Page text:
Christie works with every age range from kids to the elderly to reduce anxiety including fear of flying. While each approach is different, Christie suggests, “Depending on the client, several different modalities may be used from topical to aromatic or even reflexology points,” when using essential oils.
3. Val Silver
Holistic Wellness Educator and Coach, holistic-mindbody-healing.com
Val loves using essential oils to treat mild to moderate anxiety:
My favorite EO when feeling stressed or anxious is lavender. Rose is also beautiful. Just the act of slowing down and taking a slow deep breath of the oil from my warmed cupped palms calms me down. I love to take an EO breath break when feeling stressed, overtired or anxious at work.
4. Nancy Illman
Plant-based Energy Healer, about.me/nancyillman
Nancy is a Harvard graduate and former attorney who now works with clients to achieve better health and happiness in their lives. She leads a mood management class in Takoma Park, MD on Wednesday evenings in which she helps people learn to find the right essential oils for their needs.
She is particularly fond of vetiver, a grass found in Haiti that is often used in men’s fragrances. Vetiver has been particularly helpful to herself and her clients in combating negative thoughts.
5. Marie Y. Lemelle, MBA
Publicist, Producer and Manager about.me/marie_lemelle/
Marie is a highly successful business woman managing clients and a busy lifestyle gracefully. Her anti-anxiety essential oil of choice is peppermint.
I never leave home without peppermint essential oil. I am addicted to its quick remedy to a variety of issues. I rub the oil only into the palm of my hands, cup my hands over my mouth and nose and breathe in until the feeling of anxiety, is gone. If I’m driving, I hold the open bottle up to my nose and breathe in deeply. It helps with anxiety, panic attacks, fainting, queasiness, allergies to pet dander, motion sickness, fear or uneasiness flying.
6. Sharon Dickey
Certified Health & Wellness Coach, myreasony.net
Sharon uses essential oils for anxiety daily in two ways: “I rub it directly on my skin and I diffuse it by mixing with water in a spray bottle for misting.”
7. Lewis Harrison
Healer and Spa Owner, www.TheCatskillsbedandBreakfast.com
Lewis has worked with essential oils for more than 30 years and uses a signature essential oil combination throughout his spa and private practice: “A mixture of jasmine and lavender oil works wonders for anxiety attacks. We use it in the hot tub, in foot reflexology and in atomizers.”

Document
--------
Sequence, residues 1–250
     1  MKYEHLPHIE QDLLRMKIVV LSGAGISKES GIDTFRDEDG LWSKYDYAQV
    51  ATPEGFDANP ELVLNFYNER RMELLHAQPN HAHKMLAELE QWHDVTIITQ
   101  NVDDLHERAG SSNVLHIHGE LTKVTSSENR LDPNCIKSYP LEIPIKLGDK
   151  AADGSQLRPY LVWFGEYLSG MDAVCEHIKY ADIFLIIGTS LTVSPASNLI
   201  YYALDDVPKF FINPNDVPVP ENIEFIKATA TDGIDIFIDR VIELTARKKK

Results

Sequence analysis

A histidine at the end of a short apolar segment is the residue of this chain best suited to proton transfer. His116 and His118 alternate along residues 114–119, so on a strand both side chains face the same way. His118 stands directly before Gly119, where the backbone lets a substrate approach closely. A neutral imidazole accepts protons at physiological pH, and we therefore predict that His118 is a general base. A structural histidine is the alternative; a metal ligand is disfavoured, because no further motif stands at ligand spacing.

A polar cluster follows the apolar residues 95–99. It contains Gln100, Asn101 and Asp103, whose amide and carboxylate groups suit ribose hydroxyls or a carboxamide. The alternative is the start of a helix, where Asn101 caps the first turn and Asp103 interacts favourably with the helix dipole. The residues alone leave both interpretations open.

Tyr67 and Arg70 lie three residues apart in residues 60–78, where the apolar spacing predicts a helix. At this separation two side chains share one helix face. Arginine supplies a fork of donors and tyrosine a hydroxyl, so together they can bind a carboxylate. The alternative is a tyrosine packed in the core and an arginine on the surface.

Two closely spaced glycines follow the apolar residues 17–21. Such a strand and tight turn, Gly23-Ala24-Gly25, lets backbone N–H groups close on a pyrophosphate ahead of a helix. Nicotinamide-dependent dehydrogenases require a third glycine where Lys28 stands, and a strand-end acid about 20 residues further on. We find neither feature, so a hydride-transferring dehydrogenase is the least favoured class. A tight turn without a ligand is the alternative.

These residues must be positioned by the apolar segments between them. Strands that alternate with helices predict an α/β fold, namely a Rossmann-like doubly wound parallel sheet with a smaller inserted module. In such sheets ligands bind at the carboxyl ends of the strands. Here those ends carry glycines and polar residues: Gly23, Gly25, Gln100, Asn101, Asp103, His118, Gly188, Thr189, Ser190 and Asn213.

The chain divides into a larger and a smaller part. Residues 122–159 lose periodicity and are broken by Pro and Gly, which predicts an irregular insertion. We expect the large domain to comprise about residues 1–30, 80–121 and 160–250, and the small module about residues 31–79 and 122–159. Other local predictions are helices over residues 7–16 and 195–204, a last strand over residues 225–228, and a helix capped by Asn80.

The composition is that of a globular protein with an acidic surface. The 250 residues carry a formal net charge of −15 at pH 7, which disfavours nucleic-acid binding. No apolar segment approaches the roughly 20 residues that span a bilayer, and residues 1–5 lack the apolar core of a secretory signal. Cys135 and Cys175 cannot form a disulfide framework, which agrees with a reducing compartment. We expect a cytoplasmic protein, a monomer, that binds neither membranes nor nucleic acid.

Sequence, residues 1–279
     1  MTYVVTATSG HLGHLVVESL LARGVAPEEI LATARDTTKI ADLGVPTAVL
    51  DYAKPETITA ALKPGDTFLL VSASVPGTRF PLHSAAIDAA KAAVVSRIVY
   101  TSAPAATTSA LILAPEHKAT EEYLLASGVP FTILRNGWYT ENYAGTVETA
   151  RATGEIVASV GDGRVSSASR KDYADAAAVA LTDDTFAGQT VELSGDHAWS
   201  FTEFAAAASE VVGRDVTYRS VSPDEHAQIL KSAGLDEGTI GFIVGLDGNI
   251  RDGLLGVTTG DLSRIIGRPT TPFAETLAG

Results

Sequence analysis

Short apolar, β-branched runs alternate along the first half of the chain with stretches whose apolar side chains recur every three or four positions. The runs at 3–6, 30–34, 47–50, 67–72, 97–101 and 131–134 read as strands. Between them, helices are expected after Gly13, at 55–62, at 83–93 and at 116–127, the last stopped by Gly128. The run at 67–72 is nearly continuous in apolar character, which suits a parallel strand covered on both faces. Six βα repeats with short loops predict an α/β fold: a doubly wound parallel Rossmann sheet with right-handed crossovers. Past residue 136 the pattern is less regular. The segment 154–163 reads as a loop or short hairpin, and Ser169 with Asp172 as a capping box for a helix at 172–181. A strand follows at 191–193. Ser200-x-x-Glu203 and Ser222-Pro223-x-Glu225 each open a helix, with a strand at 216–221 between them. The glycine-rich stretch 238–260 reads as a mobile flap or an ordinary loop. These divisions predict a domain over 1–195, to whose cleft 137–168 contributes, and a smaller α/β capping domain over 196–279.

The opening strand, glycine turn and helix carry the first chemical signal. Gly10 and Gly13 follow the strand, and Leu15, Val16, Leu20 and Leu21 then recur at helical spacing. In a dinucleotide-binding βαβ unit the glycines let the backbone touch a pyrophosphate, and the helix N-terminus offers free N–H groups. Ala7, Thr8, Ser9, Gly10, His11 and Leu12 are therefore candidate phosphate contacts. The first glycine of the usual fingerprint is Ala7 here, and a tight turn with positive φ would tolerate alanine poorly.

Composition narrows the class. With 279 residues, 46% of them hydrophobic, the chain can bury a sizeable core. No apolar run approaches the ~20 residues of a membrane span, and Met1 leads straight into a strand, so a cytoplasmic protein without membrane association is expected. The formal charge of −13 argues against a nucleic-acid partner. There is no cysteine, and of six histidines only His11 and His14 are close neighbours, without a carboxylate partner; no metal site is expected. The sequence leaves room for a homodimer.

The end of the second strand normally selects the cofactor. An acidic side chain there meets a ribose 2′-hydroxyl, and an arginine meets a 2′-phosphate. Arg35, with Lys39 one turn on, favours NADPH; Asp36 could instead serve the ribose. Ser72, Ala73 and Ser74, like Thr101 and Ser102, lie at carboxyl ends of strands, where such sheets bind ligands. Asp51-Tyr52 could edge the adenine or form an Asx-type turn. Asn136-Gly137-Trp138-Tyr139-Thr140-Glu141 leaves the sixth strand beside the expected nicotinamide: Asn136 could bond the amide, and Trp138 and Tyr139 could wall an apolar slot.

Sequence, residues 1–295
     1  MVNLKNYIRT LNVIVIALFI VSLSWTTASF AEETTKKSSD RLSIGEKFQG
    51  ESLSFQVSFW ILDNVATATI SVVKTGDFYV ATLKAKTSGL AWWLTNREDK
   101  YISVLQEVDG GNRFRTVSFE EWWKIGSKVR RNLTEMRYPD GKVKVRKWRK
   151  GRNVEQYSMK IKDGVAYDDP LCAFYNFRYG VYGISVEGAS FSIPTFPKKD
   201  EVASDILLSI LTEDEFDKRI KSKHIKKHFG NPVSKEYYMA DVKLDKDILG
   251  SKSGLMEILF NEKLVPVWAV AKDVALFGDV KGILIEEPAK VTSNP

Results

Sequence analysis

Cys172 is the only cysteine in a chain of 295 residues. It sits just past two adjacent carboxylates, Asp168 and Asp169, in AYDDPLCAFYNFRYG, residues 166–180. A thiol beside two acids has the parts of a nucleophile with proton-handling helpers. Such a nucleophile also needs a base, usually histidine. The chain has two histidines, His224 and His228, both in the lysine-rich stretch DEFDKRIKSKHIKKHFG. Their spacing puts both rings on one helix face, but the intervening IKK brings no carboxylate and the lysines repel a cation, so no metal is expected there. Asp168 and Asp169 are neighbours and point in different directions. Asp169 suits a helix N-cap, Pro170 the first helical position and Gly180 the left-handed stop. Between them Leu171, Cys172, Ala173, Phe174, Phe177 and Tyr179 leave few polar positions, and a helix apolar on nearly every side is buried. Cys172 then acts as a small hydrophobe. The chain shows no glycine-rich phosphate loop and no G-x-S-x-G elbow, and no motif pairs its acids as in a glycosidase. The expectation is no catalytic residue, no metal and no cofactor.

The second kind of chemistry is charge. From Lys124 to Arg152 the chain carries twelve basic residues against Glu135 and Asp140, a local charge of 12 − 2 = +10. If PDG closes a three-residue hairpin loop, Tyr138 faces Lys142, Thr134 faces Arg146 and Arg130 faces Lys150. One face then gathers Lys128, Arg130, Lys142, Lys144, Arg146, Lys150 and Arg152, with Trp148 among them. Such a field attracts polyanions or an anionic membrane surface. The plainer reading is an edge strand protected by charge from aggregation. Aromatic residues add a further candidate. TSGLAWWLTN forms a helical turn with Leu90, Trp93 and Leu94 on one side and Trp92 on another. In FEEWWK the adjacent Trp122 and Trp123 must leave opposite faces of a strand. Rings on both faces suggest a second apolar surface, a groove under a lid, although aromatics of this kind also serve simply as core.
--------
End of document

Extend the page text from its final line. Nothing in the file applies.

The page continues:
8. Madeline Given, CNC
Certified Holistic Nutritionist madelinenutrition.com
Madeline is a certified holistic nutritionist and essential oils user, educator and distributor. “My interest in essential oils came first and foremost from my desire to combat general anxiety.”
Her favorite soothing essential oil is cedarwood:
Cedarwood is woodsy, warm and the balsamic aroma is powerful when applied to the feet before bedtime — it includes natural compounds called sesquiterpenes that create a very comforting atmosphere when diffused.
9. Valerie Bennis
Certified Aromatherapist, Essence of Vali, http://www.essenceofvali.com
Valerie creates custom essential oil blends for her clients. She keeps an ever-growing recipe book of custom formulas with the names and profiles of the clients she created them for.
Three of my favorite oils for anxiety are: cedarwood, rosewood and spruce. They are grounding oils when one feels fragile, off-center and ridden with anxiety. Massaging the feet after mixing these oils in a carrier is very beneficial. Bathing with essential oils and using an aromatherapy mist will also take the edge off anxiety.
Valerie also suggests a drop of a favorite essential oil on the corner of a pillowcase for a good night’s sleep.
10. Denise Baron
Wellness Educator and Reikki Master, Ayurvedaformodernliving.com
Denise is a lifestyle expert, wellness coach and author of the upcoming book, Nourish, Heal and Discover. She took interest in essential oils in order to help her sister through anxiety and depression.
Denise uses a range of oils for her clients and friends but advises that, “What works for one may not work for another. Also take into account what season it is.”
11. Tony DeYoung
Digital Marketing and Growth Hacking Consultant, Hello Heart App
Tony combines the time-tested art of essential oils with the latest in high-tech innovation like the Hello Heart app for the iPhone and Apple Watch. “At Hello Heart, we research many non-pharmaceutical options for people with high blood pressure to actually try. We look at food, exercise and even essential oils,” he states.
Tony suggests using essential oils’ anxiety reducing properties to enhance heart function:
Apply [essential oils] using a coconut oil based salve and apply to reflex points for the heart like the sole of the left foot, and below the ring finger of your left hand.
Want to try any of the essential oils mentioned in this article to help treat anxiety? You can purchase all of the essential oils referred to in this article from this page on Mountain Rose Herbs.
"Everything has life and deserves great respect."